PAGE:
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Jerry Grote Autographed Mets Grey Baseball Jersey #1, JSA

THIS IS FOR AN AUTOGRAPHED CUSTOM MADE METS BASEBALL JERSEY
SIGNED BY JERRY GROTE
THIS JERSEY COMES WITH A HOLOGRAM COA FROM JAMES SPENCE, JSA
THIS JERSEY IS A SIZE X-LARGE
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THIS IS FOR AN AUTOGRAPHED CUSTOM MADE METS BASEBALL JERSEY
SIGNED BY JERRY GROTE
THIS JERSEY COMES WITH A HOLOGRAM COA FROM JAMES SPENCE, JSA
THIS JERSEY IS A SIZE X-LARGE
EVERYTHING ON THIS JERSEY IS STITCHED AND SEWN ON
THIS WOULD BE A GREAT GIFT FOR ANY MLB FAN COME GAMEDAY
Gerald Wayne Grote (born October 6, 1942) is an American former professional baseball player. He played the majority of his Major League Baseball career as a catcher for the New York Mets and was regarded as one of the best defensive catchers of his era.[1][2]
Grote was raised in San Antonio, Texas. When he was ten years old, he and his family were caught in an F-4 tornado. His mother, father and two sisters made it to safety, however, he lost his grandmother in the storm.[3] Grote attended Douglas MacArthur High School, where he played on the baseball team as a pitcher, catcher and third baseman.[4] As a high school pitcher, he threw a no-hitter and a one hitter.[4] Grote played for Trinity University in 1962, and led the Tigers in batting average (.413), home runs (five), RBI (19), runs (29), and hits (31).
After one season at Trinity University, Grote was signed as an amateur free agent by the Houston Colt .45s in 1962, and was assigned to play for their minor league affiliate, the San Antonio Bullets.[4] At the age of 20, he made his major league debut with the Colt .45s on September 21, 1963 as a late-inning defensive replacement for John Bateman, and hit a sacrifice fly to score Bob Aspromonte in his only at-bat.[6] For the season he appeared in three games, including on September 27, when every starter in the Colts’ line-up was a rookie.[7]
In 1964, Grote platooned with Bateman behind the plate; however, the Colts also experimented with young catchers Dave Adlesh and John Hoffman, as neither Grote nor Bateman hit for a very high average that season (.181 and .190, respectively).[4] Grote was the Colts’ catcher on April 23, when Ken Johnson became the first pitcher in major league history to lose a complete game no-hitter in nine innings.[8]
In 1965, the newly renamed Houston Astros remained unsettled behind the plate, with former All-Star Gus Triandos and prospect Ron Brand being added to the mix. Grote spent the entire season with Houston’s Triple A Pacific Coast League affiliate, the Oklahoma City 89ers, where he batted .265 with eleven home runs. At the end of the season, he was traded to the New York Mets for pitcher Tom Parsons.[9]
Grote became the starting catcher for the Mets immediately upon his arrival in New York. Though he batted only .237 with three home runs in 1966, his handling of the Mets’ young pitchers and his solid defensive skills were instrumental in helping the Mets avoid 100 losses and a last place finish for the first time in franchise history.[10] Grote earned a reputation with his teammates and opponents as highly competitive, developing the trademark of rolling the ball to the far side of the pitcher’s mound (closest to the Mets’ dugout) while leaving the field after his pitcher ended an inning with a strikeout. This necessitated the opposing team’s pitcher having to walk further to stoop and retrieve the ball.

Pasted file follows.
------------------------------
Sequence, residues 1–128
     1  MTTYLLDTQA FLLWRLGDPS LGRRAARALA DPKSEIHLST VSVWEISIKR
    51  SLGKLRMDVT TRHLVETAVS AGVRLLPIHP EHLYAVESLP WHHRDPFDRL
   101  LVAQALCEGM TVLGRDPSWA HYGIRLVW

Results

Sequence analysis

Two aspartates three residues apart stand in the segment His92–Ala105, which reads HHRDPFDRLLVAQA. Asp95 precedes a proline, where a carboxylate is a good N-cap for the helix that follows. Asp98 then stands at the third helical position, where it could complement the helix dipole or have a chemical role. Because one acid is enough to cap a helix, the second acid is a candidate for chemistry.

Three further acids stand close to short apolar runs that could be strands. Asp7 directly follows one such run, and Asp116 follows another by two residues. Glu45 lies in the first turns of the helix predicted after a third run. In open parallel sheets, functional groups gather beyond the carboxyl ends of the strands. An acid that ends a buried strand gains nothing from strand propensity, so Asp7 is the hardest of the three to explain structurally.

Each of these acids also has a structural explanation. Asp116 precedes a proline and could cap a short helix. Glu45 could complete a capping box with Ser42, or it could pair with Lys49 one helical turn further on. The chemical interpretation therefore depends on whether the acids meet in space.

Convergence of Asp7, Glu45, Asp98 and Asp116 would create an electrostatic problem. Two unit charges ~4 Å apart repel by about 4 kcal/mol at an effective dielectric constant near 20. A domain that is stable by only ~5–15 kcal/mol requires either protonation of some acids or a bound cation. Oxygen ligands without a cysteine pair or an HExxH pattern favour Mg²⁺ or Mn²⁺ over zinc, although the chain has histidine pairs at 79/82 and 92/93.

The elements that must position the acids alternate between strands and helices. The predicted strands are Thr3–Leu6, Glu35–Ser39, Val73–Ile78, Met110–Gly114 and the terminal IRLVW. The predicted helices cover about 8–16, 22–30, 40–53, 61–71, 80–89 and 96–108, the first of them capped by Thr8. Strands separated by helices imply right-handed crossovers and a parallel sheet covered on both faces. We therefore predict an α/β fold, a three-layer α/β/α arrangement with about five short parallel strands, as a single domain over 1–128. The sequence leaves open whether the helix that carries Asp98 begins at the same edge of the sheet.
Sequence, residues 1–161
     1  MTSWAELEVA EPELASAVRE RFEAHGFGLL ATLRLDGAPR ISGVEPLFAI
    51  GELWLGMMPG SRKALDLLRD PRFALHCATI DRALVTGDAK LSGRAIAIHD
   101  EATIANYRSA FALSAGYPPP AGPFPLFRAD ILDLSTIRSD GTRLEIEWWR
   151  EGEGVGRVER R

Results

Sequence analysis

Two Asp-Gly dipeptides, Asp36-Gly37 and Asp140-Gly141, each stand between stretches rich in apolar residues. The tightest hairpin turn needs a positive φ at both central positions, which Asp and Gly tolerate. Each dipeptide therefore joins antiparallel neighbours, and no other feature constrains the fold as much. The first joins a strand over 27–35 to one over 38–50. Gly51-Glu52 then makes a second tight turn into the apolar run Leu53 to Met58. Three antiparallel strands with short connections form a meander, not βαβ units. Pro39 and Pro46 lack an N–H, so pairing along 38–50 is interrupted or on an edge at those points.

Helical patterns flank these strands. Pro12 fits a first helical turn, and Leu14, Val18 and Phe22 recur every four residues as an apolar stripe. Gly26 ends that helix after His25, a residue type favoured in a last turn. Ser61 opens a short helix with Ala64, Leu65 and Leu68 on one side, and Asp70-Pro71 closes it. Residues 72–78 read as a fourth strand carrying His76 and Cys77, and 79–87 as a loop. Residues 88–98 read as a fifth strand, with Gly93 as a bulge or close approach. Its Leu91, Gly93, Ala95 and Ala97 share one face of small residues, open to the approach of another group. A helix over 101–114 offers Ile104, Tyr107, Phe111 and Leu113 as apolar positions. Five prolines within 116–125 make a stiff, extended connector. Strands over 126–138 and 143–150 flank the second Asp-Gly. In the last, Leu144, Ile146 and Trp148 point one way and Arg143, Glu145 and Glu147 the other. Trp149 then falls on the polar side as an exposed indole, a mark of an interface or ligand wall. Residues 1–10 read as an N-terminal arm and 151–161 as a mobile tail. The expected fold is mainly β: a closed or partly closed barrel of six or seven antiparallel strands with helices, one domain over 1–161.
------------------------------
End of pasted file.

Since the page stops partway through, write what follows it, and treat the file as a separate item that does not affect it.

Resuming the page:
In 1968, Grote was hitting over .300 at mid-season and was recognized as one of the top catchers in the National League when he was selected to be the starting catcher in the 1968 All-Star Game.[11][12] He became only the second Met player in franchise history after Ron Hunt to earn a starting role in an All-Star game.[13] Grote was hitless in two at-bats during the game.[12] He ended the year with a .282 batting average along with three home runs and 31 runs batted in.[1]
The 1969 season would be a memorable one for Grote and the Mets. The Chicago Cubs had been in first place since the beginning of the season and had a nine-game lead as late as August 15.[14] However, the Cubs began to falter while the Mets continued to play well. When the two teams met for a two-game series on September 8, the Mets won both games to move just a half game behind the Cubs.[15] Aside from calling Tom Seaver’s five-hit pitching performance in the second game, Grote drove in the Mets’ seventh and final run of the game.[16] The following day, the Mets swept the Montreal Expos in a doubleheader, with Grote catching all 21 innings. Coupled with a Cubs loss, the Mets moved into first place for the first time in their history. The Mets stayed in the lead for the rest of the season, finishing with a 37-11 record in their final 48 games while the Cubs slumped to a 9-17 record in their final 26 games, and clinched the National League Eastern Division title on September 24.[17][18]
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